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More than a third of Britons have an entrepreneurial drive despite enduring economic uncertainty, research finds. This confirms my belief that small businesses should keep trying to ...

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Posted: 2006-04-20 / Author: Matt Bacak

Estimating Business Costs

Estimating Business Costs: How much financing do you need for your company? What is the repayment period that you intend to work with? These questions need to be answered in order to determine the amount of financing to be obtained. In order to do this, you will need to know the costs incurred and the estimated revenue as well as your cash flow circumstances at least for the first few months of operations. Apart from that, you will also need to determine the amount that is needed to start your business. You will probably need to purchase assets such as equipment, furniture and remodeling costs, pay for your starting inventory, and have enough for rental and utility deposits. Furthermore, you will also need to pay for incorporation fees, insurance and licenses.

The best way to determine your start-up costs would be to obtain an estimation of these costs from vendors providing that will be selling the equipment to you. This can be done by requesting for a list of quotations and specifications to get a good gauge on the amount that you will be spending for this. The same process goes in obtaining prices for your inventory supplies. As for rental and utility deposits, you can get the help of a realtor to advise you on the amount that is required for your new premises.

It is good to know that the start-up costs for each business varies according to the nature of the business. A service-type business will naturally incur less or no inventory costs as opposed to a products-based business. Also, the business owner may decide to start on a shoestring budget and thus will just work on a low-cost basis, requiring only bare essentials during the first few months of operations.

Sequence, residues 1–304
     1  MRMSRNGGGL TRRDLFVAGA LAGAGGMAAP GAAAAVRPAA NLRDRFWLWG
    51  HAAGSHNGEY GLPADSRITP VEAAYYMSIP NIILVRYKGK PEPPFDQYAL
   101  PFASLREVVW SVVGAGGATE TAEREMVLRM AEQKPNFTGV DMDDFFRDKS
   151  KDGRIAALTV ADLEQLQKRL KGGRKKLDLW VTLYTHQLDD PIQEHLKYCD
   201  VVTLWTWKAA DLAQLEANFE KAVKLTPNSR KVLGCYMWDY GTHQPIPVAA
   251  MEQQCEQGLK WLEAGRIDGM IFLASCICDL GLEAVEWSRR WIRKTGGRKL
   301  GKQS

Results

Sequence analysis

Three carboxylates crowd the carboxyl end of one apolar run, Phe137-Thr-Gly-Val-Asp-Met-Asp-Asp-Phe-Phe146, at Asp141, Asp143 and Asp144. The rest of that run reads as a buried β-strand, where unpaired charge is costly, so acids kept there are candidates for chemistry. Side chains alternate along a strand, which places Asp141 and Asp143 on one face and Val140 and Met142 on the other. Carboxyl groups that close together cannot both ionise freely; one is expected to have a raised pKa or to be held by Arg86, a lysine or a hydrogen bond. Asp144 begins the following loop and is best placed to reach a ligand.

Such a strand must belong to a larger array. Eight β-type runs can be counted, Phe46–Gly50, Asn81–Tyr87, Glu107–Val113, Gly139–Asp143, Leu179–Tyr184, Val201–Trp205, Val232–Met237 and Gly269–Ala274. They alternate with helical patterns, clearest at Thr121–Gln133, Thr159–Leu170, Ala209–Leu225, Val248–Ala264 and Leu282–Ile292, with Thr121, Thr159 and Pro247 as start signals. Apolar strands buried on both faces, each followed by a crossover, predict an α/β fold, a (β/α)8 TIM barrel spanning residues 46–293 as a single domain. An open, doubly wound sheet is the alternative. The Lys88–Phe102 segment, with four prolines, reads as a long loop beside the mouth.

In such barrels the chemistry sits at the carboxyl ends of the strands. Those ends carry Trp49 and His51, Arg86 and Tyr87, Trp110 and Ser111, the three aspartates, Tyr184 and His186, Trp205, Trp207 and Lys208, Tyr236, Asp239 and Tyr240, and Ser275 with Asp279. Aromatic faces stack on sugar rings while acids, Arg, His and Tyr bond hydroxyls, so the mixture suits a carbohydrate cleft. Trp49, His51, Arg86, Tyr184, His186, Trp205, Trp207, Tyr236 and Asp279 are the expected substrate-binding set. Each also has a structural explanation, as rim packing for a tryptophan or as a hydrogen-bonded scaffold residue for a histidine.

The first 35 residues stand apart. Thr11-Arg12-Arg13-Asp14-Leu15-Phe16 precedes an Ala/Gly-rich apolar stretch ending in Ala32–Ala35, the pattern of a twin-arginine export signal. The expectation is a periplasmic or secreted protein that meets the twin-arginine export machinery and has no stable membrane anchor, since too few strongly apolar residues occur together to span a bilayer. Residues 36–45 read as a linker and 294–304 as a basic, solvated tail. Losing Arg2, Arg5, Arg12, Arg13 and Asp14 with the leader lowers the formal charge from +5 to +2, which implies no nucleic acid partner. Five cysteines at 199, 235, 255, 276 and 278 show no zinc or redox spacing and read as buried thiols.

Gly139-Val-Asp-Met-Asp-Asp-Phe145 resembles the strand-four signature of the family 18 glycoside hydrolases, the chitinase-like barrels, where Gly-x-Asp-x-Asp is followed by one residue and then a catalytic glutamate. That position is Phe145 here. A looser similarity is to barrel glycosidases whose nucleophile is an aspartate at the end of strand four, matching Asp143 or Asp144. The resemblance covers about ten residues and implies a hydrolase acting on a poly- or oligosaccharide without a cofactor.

Apart from looking at the start-up costs, operating costs at least for the first 90 days should also be budgeted. This would include variable expenditure such as rentals, salaries, commissions, utilities and inventory replenishment. It would be good as well to make an estimate on the expected revenue and collections within this period of time, and develop a 90-day budget on the cash in-flow and out-flow. It is also best to keep the estimates conservative, just in case things do not happen as planned. With a keen eye on the cash-flow, any shortfall can be detected which will determine the amount of cash financing that is required.

It is often a good idea to allow some buffer during the forecast and budgeting process for contingency purposes in case calculations were incorrect. On a personal basis, it would also be a good idea for you to estimate your personal expenses up to a period of 90 days as well, so that you'll know the costs that you need to bear during the start-up phase. This way, you will be prepared with adequate savings to support you and your family during this critical phase.

It may also be a good idea to develop a professionally-looking table or spreadsheet to highlight the details of your cost estimation. This document can then be used to accompany your proposal to lenders or venture capitalists for the purpose of obtaining financing for the business. This way, it will be easier on the decision maker to consider your application and make a decision on the approval.

Other than that, you can also make utilize the table for your own business planning purposes, or evaluation purposes after the initial 90 days of operations. This way, you will be able to make better plans for the next operating period of the business, and thus be also able to plan for the future with greater precision.

About the Author:
Matt Bacak is Entrepreneur Magazine's e-Biz radio show host is turning Authors, Speakers, and Experts into Overnight Success Stories. or

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